Addressing the Grocery Gap: H-E-B Struggle for Food Access

Oct 28, 2023 | Local

Del Valle, Texas, a rapidly expanding community, is facing a dilemma that resonates across America – it’s a “food desert.” With a population of over 70,000 people, this growing area finds itself starved for easy access to a standard grocery store, leaving residents reliant on dollar stores, convenience shops, and small supermarkets like JD’s Supermarkets.

Tanya Robledo, a long-time Del Valle resident, highlights the issue: “There’s a lack of grocery stores.” Even after years in the city, she must undertake a significant journey to reach the nearest H-E-B, situated either on East Riverside Drive in Austin or Hasler Boulevard in Bastrop, both a 20- to 30-minute drive from Del Valle without traffic.

The problem is not unique to Robledo; Ismael Elias, another resident, underscores the growing population and the pressing need for a store like H-E-B. He emphasizes that the area’s expansion will only continue, making it all the more crucial to address this concern promptly.

Austin City Councilmember Vanessa Fuentes, representing District 2, recognizes the urgency of the situation. In a letter to H-E-B’s CEO, she presses the supermarket giant to prioritize a new store in Del Valle. While H-E-B acquired land along Highway 71 and FM 973 in 2016, they have yet to break ground on a store in this area.

Fuentes’s advocacy centers on ensuring adequate infrastructure is in place for the current residents and future growth. She states, “There’s just not enough options for an area of that size.”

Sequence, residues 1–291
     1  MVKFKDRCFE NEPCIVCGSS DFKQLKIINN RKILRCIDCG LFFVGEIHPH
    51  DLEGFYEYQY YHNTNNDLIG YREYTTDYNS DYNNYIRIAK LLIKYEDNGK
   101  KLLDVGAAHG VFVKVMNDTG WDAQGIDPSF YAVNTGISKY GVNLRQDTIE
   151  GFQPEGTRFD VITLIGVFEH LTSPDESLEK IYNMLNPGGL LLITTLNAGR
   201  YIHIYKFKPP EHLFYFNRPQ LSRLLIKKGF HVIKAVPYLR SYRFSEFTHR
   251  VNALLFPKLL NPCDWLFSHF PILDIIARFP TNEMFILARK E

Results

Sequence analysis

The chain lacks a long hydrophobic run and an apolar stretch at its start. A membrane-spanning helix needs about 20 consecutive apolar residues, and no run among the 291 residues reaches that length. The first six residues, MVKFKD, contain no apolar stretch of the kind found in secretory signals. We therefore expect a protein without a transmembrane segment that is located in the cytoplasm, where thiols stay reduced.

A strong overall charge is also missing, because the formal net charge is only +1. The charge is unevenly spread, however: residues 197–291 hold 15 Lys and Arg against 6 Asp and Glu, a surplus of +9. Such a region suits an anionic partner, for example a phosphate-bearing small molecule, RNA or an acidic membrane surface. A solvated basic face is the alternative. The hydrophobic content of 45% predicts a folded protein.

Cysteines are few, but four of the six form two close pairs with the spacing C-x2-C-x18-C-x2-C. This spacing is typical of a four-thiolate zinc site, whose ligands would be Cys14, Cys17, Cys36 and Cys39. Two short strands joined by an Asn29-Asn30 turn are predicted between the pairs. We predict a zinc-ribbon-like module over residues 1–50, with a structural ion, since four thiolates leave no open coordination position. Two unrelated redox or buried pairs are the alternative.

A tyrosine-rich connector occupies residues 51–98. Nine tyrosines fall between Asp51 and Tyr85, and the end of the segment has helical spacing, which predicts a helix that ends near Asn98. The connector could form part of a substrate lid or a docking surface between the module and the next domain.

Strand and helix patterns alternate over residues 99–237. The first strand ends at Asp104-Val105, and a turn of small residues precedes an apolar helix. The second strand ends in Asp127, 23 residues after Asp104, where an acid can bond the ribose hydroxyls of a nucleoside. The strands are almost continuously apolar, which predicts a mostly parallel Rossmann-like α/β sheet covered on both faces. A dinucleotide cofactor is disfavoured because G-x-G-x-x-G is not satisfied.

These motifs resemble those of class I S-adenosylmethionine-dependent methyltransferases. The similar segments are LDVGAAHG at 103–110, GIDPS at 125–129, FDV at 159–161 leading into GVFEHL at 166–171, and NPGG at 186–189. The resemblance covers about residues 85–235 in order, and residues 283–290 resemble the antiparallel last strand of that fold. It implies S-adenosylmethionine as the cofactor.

KVUE reached out to H-E-B regarding their plans for the purchased land. They responded, explaining that such investments are often made well in advance of current real estate needs. Development in Southeast Austin and Del Valle prompted H-E-B’s investment in land holdings for a future store. In the meantime, they’ve expanded their H-E-B Home Delivery service and made substantial investments in food access partnerships to address immediate needs.

Fuentes acknowledges that residents have expressed concerns about H-E-B’s delivery service not covering their area. She vows to follow up and ensure the service extends to all parts of Del Valle.

While pursuing H-E-B’s involvement, Fuentes is simultaneously exploring alternative ways to provide food access, such as forming a grocery store co-op. However, this effort is still in its early stages.

In the interim, community-driven solutions are emerging. Nonprofit organizations like the Del Valle Community Coalition are operating a food pantry at the El Roy Library to assist those in need.

Del Valle’s struggle serves as a reminder of the importance of food access for any community, especially a rapidly growing one. As the city grapples with a critical gap in access to essential resources, the voices of residents like Robledo, Elias, and Fuentes are championing their cause, striving for a brighter, well-fed future.

KVUE’s Boomtown series delves into the explosive growth in Central Texas. For more stories on this phenomenon, visit

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